Levels of Knowing Mathematics  (double)

Division:  How to Teach It  (double)

Soroban: Instruction Through Concrete Learning  (double)

Mathematics Culture  (double)

Mathematics Learning Personality  (double)

Common Causes of Math Anxiety and Some Instructional Strategies  (double)

On Training Teachers and Teaching Math  (double)

Will the Newest “New Math” Get Johnny’s Scores Up?  (double)

Dyslexia, Dyscalculia and Some Remedial Perspectives For Mathematics Learning Problems  (special)

Place Value Concept:  How Children Learn It and How To Teach It  (special)

Cuisenaire Rods and Mathematics Teaching  (special)

Authentic Assessment in Mathematics  (special)

Math Notebook: Single issue ($3.00); Double issue ($5.00); Special issue ($8.00)

FOCUS on Learning Problems in Mathematics

FOCUS has been an interdisciplinary journal. For the last thirty years, the objective of FOCUS was to make available the current research, methods of identification, diagnosis and remediation of learning problems in mathematics.  It published original articles from fields of education, psychology, mathematics, and medicine having the potential for impact on classroom or clinical practice.  Specifically, topics include reports of research on processes, techniques, tools and procedures useful for addressing problems in mathematics teaching and learning:  descriptions of methodologies for conducting, and reporting and interpreting the results of various types of research, research-based discussions of promising techniques or novel programs; and scholarly works such as literature-reviews, philosophical statement or critiques.  The publications in Focus have real contribution in the field of mathematics education, learning problems in mathematics and how to help children and adults in dealing with their mathematics difficulties.

Selected back issues of Focus:

Volume 3, Numbers 2 & 3: Educational Psychology and Mathematical Knowledge

Volume 4, Numbers 3 & 4: Fingermath: Pedagogical Implications for Classroom Use

Volume 5, Number 2: Remedial and Instructional Prescriptions for the Learning

Disabled Student in Mathematics

Volume 5, Numbers 3 & 4: Mathematics Learning Problems and Difficulties of the Post

Secondary Students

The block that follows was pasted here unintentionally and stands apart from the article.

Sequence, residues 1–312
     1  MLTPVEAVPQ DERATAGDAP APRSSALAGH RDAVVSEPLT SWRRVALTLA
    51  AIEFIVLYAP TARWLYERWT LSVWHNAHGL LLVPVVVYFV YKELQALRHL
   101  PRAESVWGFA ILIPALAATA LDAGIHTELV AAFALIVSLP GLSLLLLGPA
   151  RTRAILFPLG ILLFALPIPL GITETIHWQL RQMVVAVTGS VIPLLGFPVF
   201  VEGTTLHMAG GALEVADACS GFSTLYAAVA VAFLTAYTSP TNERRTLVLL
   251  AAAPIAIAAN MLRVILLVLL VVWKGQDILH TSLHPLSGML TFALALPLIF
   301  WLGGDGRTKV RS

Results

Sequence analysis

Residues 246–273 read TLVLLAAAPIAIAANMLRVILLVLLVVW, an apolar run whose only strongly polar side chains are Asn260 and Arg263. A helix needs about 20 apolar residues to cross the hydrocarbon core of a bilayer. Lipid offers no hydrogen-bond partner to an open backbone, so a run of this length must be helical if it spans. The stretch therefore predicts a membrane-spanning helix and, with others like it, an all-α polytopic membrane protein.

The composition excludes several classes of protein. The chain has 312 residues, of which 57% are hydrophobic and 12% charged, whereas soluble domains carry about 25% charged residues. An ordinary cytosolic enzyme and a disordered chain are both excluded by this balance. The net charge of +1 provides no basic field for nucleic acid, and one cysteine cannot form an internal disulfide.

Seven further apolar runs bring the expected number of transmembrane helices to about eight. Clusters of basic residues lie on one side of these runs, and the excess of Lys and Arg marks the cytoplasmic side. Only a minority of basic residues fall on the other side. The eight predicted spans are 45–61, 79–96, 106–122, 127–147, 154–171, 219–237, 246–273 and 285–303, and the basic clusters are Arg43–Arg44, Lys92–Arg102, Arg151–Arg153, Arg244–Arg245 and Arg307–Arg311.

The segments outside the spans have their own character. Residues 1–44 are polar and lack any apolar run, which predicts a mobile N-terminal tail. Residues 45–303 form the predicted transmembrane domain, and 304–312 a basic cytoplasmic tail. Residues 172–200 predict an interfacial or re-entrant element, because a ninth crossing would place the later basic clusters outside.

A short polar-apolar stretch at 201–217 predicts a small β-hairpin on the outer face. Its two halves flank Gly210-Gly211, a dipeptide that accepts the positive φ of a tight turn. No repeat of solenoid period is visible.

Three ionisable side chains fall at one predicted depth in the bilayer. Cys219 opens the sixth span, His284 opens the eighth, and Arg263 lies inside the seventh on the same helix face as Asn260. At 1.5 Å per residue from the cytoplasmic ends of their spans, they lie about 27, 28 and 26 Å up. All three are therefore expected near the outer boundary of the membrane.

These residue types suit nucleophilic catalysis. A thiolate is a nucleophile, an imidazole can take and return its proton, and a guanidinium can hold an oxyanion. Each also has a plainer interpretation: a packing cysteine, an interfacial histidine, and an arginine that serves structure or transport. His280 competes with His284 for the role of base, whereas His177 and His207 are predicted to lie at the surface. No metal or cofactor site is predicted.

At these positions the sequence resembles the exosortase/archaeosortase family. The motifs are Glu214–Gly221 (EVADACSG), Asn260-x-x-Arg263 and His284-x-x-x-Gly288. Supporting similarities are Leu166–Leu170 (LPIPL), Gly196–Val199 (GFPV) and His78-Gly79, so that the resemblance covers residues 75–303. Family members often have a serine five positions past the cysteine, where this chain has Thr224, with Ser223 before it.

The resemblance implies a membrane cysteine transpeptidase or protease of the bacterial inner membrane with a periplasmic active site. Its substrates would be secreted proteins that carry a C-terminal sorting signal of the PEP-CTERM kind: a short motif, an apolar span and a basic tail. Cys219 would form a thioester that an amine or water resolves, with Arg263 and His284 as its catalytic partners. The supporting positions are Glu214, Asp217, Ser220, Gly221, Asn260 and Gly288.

Volume 6, Number 3: Education of Mathematically Gifted and Talented Children

Volume 6, Number 4: Brain, Mathematics and Learning Disability

Volume 7, Number 1: Learning Achievement:  Implications for Mathematics and Learning Disability

Volume 7, Numbers 3 & 4: Using Errors as Springboards for the Learning of


Volume 8, Numbers 3 & 4: Dyscalculia

Volume 9, Numbers 1 & 2: Computers, Diagnosis and Teaching (Part One and Two)

Volume 11, Numbers 1 & 2: Visualization and Mathematics Education

Volume 11, 3 (1989): Research on Children’s Conceptions of Fractions

Volume 12, Numbers 3 & 4: What Can Mathematics Educators Learn from Second Language Instruction?

Volume 13, Number 1: Students’ Understanding of the Relationship between Fractions and Decimals

Volume 14, Number 1: The Psychological Analysis of Multiple Procedures

Volume 15, Numbers 2 & 3: Vygotskian Psychology and Mathematics Education

Volume 17, Number 2: Perspective on Mathematics for Students with Disabilities

Volume 18, Numbers 1-3: Gender and Mathematics:  Multiple Voices

Volume 18, Number 4: The Challenge of Russian Mathematics Education:  Does It Still Exist?

Volume 19, Number 1: Components of Imagery and Mathematical Understanding

Volume 19, Number 2: Problem-Solution Relationship Instruction: A Method for

Enhancing Students’ Comprehension of Word Problems

Volume 19, Number 3: Clinical Assessment in Mathematics: Learning the Craft

Volume 20, Numbers 2 & 3: Elements of Geometry in the Learning of Mathematics

Volume 22, Numbers 3 & 4: Using Technology for the Teaching and Learning of Mathematics


Volume 23, Numbers 2 & 3: Language Issues in the Learning of Mathematics Volume 28, Number 3 & 4: Concept Mapping in Mathematics

Professor Mahesh Sharma is the founder and President of the Center for

Teaching/Learning of Mathematics, Inc. of Framingham, Massachusetts and Berkshire Mathematics in England. Berkshire Mathematics facilitates his work in the UK and Europe.

He is the former President and Professor of Mathematics Education at Cambridge College where he taught mathematics and mathematics education for more than thirty-five years to undergraduate and graduate students. He is internationally known for his groundbreaking work in mathematics learning problems and education, particularly dyscalculia and other specific learning disabilities in mathematics. 

He is an author, teacher and teacher-trainer, researcher, consultant to public and private schools, as well as a public lecturer. He was the Chief Editor and Publisher of Focus on Learning Problems in Mathematics, an international, interdisciplinary research mathematics journal with readership in more than 90 countries, and the Editor of The Math Notebook, a practical source of information for parents and teachers devoted to improving teaching and learning for all children.

He provides direct services of evaluation and tutoring for children as well as adults who have learning disabilities such as dyscalculia or face difficulties in learning mathematics. Professor Sharma works with teachers and school administrators to design strategies to improve mathematics curriculum and instruction for all.

He regularly offers workshops on mathematics education for professional development at Framingham State University.  For registration, please call Anne Miller (508 215 5837), or visit: professionaldevelopment/